Lecture 2

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					                                  SE 477
     Software and Systems Project Management



             Dennis Mumaugh, Instructor
             dmumaugh@cdm.depaul.edu
             Office: CDM, Room 432
             Office Hours: Thursday, 4:00 – 5:30




January 12, 2012                   SE 477: Lecture 2   1 of 100
                          Administrivia
   Comments and feedback
   Tips for students
    (http://condor.depaul.edu/~dmumaugh/common/Tips_for_Non-
    CDM_Students.pdf)
   Mail
      Mailing list is enabled and active
   Access to tools [See notes or class web page for more info]:
      MicroSoft Project is accessible for students as part of the MSDNAA for
        DePaul students. There is an entry on the MyCDM page under
        resources.
      OpenProject is accessible for both Windows and Macintosh




January 12, 2012                    SE 477: Lecture 2                      2 of 100
                            Team Project
   Team Project
           Project is to develop a Recreation and Wellness Intranet Project.
           Get organized and start planning
   I will assign teams this weekend and set up the
      collaboration pages.
           I will form teams of about 5 people (no more); Teams will be mixed
            with each having least one Distance Learning student and one in-
            class student.
           There is a suggested template for the Project Plan/Report.
   Look at the paper
           How to lose in SE 477




January 12, 2012                      SE 477: Lecture 2                     3 of 100
                   SE 477 – Class 2
   Topic: Software Project Management
       Software project management overview
        
        » Project managers
      Project organization
        » Putting a process in place
        » Software process
        » Phases for software project management
      Defining the project
        » Project charter
        » Statement of work (SOW)
        » Preliminary Scope
      Project management tools
  Reading:
      PMP Study Guide: Chapters 1-2
      Other texts on Reading List page

January 12, 2012                SE 477: Lecture 2   4 of 100
                       Thought for the day


                   I am going to give you one advice about Project
                    Management … Projects Are About Humans.
                                Now Deal With That!




January 12, 2012                    SE 477: Lecture 2                5 of 100
                                Last time
   Roadmap for Software Project Management;
   Fundamentals;
   4 Project Dimensions
           People, process, product, technology
     Software Process or What is a project?
     Project characteristics;
     Trade-off Triangle
     36 Classic Mistakes




January 12, 2012                      SE 477: Lecture 2   6 of 100
           The Growth of Project
         Management as a Profession




January 12, 2012   SE 477: Lecture 2   7 of 100
                   PM History in a Nutshell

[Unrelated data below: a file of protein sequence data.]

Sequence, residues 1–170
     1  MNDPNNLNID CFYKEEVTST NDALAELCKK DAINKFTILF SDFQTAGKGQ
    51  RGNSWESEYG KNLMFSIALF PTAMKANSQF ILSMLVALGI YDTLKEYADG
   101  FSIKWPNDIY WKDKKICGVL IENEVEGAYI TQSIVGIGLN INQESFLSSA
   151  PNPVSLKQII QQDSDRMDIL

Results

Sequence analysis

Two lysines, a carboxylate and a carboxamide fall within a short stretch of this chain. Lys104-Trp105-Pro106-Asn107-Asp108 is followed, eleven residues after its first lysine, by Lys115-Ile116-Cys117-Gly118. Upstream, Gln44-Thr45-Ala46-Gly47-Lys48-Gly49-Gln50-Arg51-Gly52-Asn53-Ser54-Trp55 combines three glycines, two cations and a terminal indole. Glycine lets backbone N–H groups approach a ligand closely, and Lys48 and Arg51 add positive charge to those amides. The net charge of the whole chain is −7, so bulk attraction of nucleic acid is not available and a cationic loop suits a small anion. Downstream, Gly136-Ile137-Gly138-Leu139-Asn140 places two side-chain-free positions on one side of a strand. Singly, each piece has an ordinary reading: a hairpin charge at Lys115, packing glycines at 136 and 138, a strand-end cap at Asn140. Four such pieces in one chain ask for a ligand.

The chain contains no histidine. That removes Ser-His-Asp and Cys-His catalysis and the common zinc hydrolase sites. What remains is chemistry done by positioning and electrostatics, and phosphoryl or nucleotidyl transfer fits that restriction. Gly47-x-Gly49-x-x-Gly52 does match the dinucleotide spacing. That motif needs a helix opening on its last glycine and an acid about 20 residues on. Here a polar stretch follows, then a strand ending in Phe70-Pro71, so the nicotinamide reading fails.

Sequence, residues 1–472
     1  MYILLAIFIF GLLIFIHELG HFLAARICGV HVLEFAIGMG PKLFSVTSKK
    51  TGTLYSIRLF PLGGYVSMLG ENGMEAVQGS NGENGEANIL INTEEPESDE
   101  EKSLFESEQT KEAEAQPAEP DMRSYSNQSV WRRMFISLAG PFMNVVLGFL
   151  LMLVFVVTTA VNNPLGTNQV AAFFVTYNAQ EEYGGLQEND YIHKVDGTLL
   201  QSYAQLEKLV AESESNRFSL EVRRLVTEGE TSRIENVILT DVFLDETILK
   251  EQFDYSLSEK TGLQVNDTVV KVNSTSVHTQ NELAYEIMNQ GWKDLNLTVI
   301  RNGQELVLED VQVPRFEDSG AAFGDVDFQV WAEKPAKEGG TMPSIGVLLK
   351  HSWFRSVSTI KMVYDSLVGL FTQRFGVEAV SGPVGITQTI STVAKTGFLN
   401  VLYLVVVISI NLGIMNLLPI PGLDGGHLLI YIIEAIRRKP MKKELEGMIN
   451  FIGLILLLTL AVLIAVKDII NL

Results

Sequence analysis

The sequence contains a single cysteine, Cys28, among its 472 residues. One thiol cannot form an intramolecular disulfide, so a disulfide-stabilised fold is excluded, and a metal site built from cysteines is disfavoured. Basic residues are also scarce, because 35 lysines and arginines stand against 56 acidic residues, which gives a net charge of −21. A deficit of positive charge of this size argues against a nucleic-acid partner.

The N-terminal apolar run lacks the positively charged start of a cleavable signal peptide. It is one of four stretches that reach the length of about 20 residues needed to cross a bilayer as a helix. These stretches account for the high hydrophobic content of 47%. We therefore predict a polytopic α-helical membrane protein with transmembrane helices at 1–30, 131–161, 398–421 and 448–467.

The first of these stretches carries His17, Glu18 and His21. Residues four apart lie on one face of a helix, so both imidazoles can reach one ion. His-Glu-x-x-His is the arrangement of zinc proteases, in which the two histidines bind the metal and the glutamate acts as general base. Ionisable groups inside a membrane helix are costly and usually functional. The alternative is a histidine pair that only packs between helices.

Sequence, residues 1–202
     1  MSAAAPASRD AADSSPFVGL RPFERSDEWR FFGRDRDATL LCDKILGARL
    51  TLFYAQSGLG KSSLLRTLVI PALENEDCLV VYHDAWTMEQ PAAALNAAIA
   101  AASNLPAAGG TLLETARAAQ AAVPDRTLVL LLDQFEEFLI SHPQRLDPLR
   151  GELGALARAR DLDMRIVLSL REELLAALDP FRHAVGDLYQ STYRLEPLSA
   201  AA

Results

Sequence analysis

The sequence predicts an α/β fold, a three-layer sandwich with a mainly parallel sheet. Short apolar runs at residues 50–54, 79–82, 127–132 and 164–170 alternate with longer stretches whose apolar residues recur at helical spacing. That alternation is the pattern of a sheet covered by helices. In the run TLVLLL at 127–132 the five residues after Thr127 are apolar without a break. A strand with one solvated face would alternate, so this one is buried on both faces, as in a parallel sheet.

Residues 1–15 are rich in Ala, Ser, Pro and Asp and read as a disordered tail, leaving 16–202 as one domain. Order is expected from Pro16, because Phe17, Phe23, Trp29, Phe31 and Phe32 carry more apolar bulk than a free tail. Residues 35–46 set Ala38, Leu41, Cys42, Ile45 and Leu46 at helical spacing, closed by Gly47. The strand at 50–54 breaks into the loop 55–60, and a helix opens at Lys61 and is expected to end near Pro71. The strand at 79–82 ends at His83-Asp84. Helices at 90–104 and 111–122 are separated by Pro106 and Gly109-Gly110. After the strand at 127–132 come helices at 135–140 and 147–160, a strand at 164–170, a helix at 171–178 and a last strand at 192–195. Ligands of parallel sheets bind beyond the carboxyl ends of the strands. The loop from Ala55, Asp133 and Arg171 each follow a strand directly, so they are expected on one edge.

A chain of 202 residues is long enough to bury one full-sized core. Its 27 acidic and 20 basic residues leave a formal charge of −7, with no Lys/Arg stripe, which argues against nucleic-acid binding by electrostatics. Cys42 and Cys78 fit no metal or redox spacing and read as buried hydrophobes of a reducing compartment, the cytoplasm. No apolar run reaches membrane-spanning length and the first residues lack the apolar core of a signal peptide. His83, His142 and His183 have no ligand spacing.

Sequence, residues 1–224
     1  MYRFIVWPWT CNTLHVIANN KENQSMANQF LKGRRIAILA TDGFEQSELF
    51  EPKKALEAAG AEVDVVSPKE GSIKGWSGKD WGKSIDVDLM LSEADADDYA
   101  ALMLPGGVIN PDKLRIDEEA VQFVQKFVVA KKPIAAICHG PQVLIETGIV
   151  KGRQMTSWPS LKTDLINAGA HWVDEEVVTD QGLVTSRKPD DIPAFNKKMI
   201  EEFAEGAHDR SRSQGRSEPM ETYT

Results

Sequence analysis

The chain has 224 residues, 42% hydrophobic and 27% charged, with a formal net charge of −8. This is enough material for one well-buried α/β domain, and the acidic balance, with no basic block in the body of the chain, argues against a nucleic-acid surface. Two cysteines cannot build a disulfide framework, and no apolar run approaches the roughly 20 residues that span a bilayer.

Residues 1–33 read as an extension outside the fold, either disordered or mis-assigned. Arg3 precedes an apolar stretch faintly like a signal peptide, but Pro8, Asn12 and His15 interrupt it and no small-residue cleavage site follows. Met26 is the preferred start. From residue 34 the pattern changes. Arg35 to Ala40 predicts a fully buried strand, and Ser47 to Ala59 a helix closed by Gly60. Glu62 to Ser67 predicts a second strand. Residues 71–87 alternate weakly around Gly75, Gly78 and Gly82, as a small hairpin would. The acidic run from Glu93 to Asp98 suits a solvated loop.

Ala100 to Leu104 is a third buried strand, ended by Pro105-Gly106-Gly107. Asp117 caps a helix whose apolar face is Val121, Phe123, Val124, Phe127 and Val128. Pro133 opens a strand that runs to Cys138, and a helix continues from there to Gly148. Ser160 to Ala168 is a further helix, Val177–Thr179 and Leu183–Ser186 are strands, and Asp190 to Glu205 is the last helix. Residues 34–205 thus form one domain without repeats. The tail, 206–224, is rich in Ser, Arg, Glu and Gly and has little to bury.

 Birth of modern PM: Manhattan Project (the bomb)
   1970’s: military, defense, construction industry
    were using PM software
   1990’s: large shift to PM-based models
           1985: TQM – Total Quality Management
           1990-93: Re-engineering, self-directed teams
           1996-99: Risk mgmt, project offices
           2000: M&A, global projects




January 12, 2012                 SE 477: Lecture 2         8 of 100
                         The Field
   Jobs: where are they?
   Professional Organizations
       Project Management Institute (PMI) (pmi.org)
        
        » The Project Management Institute (PMI) is an
          international professional society for project managers
          founded in 1969
      Software Engineering Institute (SEI)
      IEEE Software Engineering Group
   Tools
      MS Project




January 12, 2012              SE 477: Lecture 2               9 of 100
            PMI & the PMP certification
   The Project Management Institute (PMI: http://www.pmi.org/) is the
      leading organization in advancing the project management profession
     Certifications
        PMI PMP
     The “PMBOK” – PMI Body of Knowledge
     PMI has more than 500,000 members in 185 countries–nearly double
      the number of members in spring 2008
     Provides support in:
        Education and training—seminars, program certification
        Professional development and networking—Global Congresses
        Professional standards and certification—standards for project-
          related activities (the PMBOK, scheduling, portfolios)
     The Project Management Professional (PMP) certification is amongst
      the most valuable certifications in the IT field


January 12, 2012                   SE 477: Lecture 2                     10 of 100
                    The Field Part 2
      Average PM salary $81,000
      Contract rates for PM’s can match techies
      PMI certification adds avg. 14% to salary
      PMI certificates, 1993: 1,000; 2002: 40,000
      Other cert: CompTIA Project+




January 12, 2012               SE 477: Lecture 2     11 of 100
                   The Project Manager
  The Role of the Project Manager
   Job descriptions vary, but most include responsibilities like